For those not majoring in economics, arbitrage is essentially defined as a deal in which there is potentially no risk of loss. It sounds like a good deal, but anyone over three years of age knows that it’s next to impossible to get something for nothing. “Arbitrage” the movie is about a man who takes whatever risks he wants then tries to hedge the cost, and not just when it comes to his finances.
“He’s a money manager who pushes the limits of moral propriety,” Gere said on the red carpet at the Sundance Film Festival in Park City where the film premiered.
Opposite of Gere is Tim Roth (“Lie to Me”) who plays Detective Michael Bryer, a crooked cop trying to catch Gere in one of his greatest sins. Brit Marling (“Another Earth”) plays Gere’s intelligent but naive daughter and Susan Sarandon (“Stepmom”) displays a stunning performance as his wife. All of the characters throughout the film become embedded in the swirling vortex that is Gere’s lies and deceit, including the son of his devoted servant played by Nate Parker (“Red Tails”) and his mistress played by Laetitia Casta (“War of the Buttons”).
The film plays out like it’s the sequel to “The Talented Mr. Ripley,” just without the homosexual overtones. Gere seems to be incapable of telling anyone in his life the whole truth. Instead, he lies, cheats and deceives everyone around him, all so that he and his family can stay part of the 1%. Those who find out parts of the truth are horrified to find that the devoted father, husband and humanitarian is really a cold and greedy shell, willing to swindle business associates one minute and step out on his wife the next. It’s interesting to watch him work so hard at keeping up all his lies, and despite him pretty much feeling like he’s one step away from being a Dickensian villain, it’s hard not to feel sorry for him.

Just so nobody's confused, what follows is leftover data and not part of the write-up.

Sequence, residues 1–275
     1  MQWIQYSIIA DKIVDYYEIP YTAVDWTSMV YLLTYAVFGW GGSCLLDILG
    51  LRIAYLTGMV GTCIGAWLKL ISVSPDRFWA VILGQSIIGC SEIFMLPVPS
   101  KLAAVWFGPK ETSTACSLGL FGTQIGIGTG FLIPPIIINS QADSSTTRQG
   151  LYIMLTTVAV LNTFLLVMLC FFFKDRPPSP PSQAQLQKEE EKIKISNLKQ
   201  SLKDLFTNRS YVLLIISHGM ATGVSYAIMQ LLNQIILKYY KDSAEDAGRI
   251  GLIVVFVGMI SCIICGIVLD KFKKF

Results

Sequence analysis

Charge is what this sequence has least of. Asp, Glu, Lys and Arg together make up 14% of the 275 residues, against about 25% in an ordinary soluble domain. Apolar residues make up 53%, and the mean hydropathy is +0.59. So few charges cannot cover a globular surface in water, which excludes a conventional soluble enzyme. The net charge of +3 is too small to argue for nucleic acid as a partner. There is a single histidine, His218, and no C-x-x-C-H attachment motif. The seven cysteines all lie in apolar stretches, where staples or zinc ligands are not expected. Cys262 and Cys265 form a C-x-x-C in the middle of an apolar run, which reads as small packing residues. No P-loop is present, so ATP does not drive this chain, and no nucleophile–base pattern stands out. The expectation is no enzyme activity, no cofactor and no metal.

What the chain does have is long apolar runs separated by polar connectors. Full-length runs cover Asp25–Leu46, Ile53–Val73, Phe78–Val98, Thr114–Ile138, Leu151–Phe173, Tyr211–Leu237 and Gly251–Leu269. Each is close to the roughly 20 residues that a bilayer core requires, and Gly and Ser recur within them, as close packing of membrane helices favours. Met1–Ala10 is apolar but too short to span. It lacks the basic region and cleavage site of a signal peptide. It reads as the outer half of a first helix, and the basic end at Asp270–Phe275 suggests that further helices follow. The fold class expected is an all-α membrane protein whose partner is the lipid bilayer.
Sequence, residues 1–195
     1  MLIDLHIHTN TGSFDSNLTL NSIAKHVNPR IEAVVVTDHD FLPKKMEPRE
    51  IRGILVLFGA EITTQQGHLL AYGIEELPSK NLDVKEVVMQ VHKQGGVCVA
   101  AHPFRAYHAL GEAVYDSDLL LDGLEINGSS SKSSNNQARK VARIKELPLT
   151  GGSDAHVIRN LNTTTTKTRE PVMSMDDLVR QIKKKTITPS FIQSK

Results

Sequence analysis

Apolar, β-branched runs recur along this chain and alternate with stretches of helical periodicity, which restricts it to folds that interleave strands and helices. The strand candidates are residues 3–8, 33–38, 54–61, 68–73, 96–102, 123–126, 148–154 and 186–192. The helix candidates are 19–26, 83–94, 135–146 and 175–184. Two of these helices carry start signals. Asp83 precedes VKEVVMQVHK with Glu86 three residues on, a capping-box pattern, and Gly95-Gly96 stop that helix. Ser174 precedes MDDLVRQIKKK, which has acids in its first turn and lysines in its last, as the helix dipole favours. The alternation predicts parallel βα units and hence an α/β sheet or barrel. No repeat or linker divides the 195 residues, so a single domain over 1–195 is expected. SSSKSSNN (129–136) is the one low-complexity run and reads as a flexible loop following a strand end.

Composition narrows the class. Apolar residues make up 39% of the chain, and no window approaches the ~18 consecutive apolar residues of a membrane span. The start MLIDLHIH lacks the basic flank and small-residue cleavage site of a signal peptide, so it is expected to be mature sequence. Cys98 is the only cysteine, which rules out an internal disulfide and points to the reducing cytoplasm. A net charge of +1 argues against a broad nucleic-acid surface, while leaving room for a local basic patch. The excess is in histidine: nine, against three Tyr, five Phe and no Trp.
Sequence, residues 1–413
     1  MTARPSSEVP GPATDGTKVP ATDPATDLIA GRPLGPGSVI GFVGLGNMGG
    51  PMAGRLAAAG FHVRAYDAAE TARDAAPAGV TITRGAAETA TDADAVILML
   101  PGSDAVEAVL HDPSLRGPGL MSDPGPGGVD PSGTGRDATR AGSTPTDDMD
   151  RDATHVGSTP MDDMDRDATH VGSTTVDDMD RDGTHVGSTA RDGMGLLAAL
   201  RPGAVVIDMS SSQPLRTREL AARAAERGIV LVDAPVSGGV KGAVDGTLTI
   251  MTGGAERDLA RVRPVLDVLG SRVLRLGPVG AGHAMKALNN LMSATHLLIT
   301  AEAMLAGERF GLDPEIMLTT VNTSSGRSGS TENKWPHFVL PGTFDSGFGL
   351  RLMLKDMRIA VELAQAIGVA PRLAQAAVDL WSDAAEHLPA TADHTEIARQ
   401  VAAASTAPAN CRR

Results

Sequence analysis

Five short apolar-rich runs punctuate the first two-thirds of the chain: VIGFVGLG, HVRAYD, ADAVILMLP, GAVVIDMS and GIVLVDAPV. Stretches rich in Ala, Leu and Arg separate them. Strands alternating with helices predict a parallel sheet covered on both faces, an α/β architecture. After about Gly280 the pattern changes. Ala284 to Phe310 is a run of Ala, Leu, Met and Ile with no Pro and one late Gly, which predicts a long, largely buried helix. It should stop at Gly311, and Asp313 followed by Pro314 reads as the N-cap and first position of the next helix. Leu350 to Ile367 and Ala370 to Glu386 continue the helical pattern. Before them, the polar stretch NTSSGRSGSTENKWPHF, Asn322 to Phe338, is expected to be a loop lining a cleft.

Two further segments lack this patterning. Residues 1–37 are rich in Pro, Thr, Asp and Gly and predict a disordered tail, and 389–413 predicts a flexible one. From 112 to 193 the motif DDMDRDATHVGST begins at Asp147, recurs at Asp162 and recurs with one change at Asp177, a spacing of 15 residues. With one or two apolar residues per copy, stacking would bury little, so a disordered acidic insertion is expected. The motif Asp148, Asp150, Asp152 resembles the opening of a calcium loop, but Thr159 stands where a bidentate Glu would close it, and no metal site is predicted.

Sarandon and Marling are excellent as they try to keep their lives stable in the midst of the chaos Gere creates. Their roles can be equated to buoys floating in the ocean; their own unsettledness shows the waves coming from the lies. Sarandon especially shines near the end when she steals the show with an incredible display of spine and strength. The entire film screams Oscar nomination, both for acting and screenplay. It’s one of the biggest films at Sundance this year and is essential for any movie lover to see.
“Arbitrage” is rated R for strong language and a really incredible car wreck.